"Alright," the teacher said when everyone seemed comfortable, "let's have one of you pick the first question from History that you would like an answer to. Let's start with something simple."
Grant, a student in the back who had a bit of a reputation as the class clown, asked with an impish grin, "Sir, where can one find the meaning of life?" Several students burst into laughter.
"Ahh," the substitute teacher, replied, "that my young man is a very good question. The . . . " Before he could continue, the school's track team, practicing on the nearby running track, stopped and stared at the unusual gathering of students, until their coach ordered them to continue practicing their sprints.
"The answer to the meaning of every life is all in the dash," the teacher replied.
"No disrespect, sir," Amelia said, "but I have no idea what that means."
"Just think about it and the meaning will appear crystal clear."
"How will we know if we are right?"
"Trust me. You'll know, and the minute you know, consider class dismissed and you can head home early. Oh, and to make it easier, I'll give you a hint." The teacher reached into his duster and took out a compass, which he handed to Amelia. "Since you seem to be the brains of this outfit, follow this compass north across the athletic field. The sooner you start the sooner you'll figure it out."
The teacher then headed back into the school and Grant said, "That is one strange puppy. Who carries a compass in their pocket?"
"At least he's not boring. Now let's get going so we can get out of here early," Amelia said, looking at the compass and following it north across the field. The rest of the group followed, stopping for a moment to allow the track team to cross their path.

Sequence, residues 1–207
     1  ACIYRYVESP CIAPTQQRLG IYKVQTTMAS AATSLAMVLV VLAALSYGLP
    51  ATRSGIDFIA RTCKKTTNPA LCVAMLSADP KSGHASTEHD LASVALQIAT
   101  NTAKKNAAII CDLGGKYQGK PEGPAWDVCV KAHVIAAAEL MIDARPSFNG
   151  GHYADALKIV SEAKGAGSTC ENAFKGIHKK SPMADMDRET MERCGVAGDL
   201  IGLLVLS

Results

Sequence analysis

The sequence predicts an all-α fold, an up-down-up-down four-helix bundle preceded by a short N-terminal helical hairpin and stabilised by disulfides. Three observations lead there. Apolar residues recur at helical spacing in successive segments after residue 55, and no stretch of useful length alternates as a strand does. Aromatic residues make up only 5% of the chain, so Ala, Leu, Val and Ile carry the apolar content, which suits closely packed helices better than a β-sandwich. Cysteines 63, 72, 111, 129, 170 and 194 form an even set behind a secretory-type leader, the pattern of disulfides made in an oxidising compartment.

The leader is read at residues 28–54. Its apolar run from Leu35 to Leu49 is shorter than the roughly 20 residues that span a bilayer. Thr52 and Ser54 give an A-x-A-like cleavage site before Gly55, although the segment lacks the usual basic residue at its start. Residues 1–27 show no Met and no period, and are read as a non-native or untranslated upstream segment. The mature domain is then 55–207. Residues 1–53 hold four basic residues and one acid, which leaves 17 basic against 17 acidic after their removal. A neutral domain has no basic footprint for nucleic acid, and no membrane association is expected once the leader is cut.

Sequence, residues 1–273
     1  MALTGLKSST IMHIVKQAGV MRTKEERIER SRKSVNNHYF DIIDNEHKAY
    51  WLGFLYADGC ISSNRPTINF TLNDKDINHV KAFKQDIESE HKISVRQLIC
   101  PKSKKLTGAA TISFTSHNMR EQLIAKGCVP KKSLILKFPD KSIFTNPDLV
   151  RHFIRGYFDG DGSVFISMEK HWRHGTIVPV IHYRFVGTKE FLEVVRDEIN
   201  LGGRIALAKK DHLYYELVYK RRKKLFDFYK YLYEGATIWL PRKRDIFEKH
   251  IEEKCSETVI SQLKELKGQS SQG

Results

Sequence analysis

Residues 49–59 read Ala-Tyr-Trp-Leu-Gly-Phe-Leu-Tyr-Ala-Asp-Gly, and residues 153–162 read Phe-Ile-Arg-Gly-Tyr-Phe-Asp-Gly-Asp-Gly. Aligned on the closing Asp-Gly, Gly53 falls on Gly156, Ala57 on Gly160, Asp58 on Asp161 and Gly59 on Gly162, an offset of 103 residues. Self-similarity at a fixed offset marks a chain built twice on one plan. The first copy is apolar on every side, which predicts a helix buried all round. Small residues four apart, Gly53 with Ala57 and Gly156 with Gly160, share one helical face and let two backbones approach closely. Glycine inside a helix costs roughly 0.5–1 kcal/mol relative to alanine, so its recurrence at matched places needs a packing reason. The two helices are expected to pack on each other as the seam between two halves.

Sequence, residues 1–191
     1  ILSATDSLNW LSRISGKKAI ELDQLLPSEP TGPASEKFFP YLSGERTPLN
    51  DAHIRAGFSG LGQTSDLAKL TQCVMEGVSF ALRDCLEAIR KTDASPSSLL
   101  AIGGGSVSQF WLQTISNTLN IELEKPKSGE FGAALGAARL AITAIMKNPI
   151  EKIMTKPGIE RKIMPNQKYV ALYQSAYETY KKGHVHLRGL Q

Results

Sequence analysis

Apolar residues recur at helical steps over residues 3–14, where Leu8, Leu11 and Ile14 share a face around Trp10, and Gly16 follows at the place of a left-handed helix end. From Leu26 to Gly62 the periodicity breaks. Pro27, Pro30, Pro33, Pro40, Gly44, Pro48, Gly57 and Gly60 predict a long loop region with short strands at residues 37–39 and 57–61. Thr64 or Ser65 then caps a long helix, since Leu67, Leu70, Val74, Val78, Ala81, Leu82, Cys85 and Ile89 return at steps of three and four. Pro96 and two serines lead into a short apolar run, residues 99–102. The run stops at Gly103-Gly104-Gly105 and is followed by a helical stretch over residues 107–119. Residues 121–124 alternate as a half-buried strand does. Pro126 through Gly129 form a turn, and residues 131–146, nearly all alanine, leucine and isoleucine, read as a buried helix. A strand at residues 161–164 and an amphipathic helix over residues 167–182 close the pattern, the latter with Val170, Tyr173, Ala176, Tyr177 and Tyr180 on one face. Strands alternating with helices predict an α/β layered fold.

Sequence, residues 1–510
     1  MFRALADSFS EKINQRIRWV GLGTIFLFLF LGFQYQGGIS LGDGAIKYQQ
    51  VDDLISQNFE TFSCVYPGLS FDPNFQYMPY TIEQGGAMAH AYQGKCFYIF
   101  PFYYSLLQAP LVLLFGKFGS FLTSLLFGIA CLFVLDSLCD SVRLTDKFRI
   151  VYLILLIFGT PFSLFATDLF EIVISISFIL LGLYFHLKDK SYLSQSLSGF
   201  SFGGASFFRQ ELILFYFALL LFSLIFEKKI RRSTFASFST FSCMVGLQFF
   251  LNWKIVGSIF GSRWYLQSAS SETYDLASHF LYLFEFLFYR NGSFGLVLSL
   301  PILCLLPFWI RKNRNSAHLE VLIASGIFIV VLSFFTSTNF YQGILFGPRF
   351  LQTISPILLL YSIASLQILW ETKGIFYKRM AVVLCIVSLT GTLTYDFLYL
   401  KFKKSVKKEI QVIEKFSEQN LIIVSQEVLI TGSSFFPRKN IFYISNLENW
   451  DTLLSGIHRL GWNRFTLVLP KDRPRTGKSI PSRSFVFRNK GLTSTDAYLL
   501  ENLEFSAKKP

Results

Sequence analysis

"I got it!" Grant exclaimed. "The dash means the faster you get started in life, the sooner you'll discover what you are supposed to do."
"That can't be it," his friend Olivia said. "I've seen a lot of people who rushed through school to jump into a job that they hated and later felt trapped in. Keep walking, Grant."
At this point they were nearing the edge of the field and approaching a thinly treed patch of forest when one of the students asked, "What do we do now?"
"I can see the steeple of that old stone church on the other side of these trees," Amelia said. "Maybe he left a book with the answer inside. It's straight ahead north so let's keep walking."
As they walked out of the small grove of trees, they could see the old church about fifty meters away. But to get to it, they had to cut across an old cemetery filled with gravestones. Some were ornately carved while others were very plain, but all of them were weathered and worn, some for well over a century.
One of the students, who wanted to be an art major. noticed one of the stones had the name and date carved in unusually beautiful calligraphy. "Hey, guys!" she called out. "Could we stop a minute here? I have my etching pad and charcoal pencil and my father taught me a trick of putting a piece of paper against words carved in stone and no matter how worn down they were if you rub over them you will get an exact reproduction of the carving."
"Okay," Grant sighed. "But try not to take too long."
The others looked on as the girl carefully lined up the paper against the headstone and gently rubbed the charcoal over the weathered carving. When she was done, she carefully peeled it off and held it up for the others to see.
"Wow, that's pretty cool," Olivia said. "I can read the name and dates perfectly."
Suddenly, Andrew dropped his knapsack and exclaimed, "I've got it! Every one has a name, a date we're born, and a date when we die. And when we are laid to rest they carve those dates into the stones or print them in newspapers but in-between those dates there is always a dash. The meaning of our lives has nothing to do with our name, or the day we're born, or when we die. It's all about what we do in the dash."
All the kids looked at each other and realized that Andrew had figured it out and together they all turned around and headed home.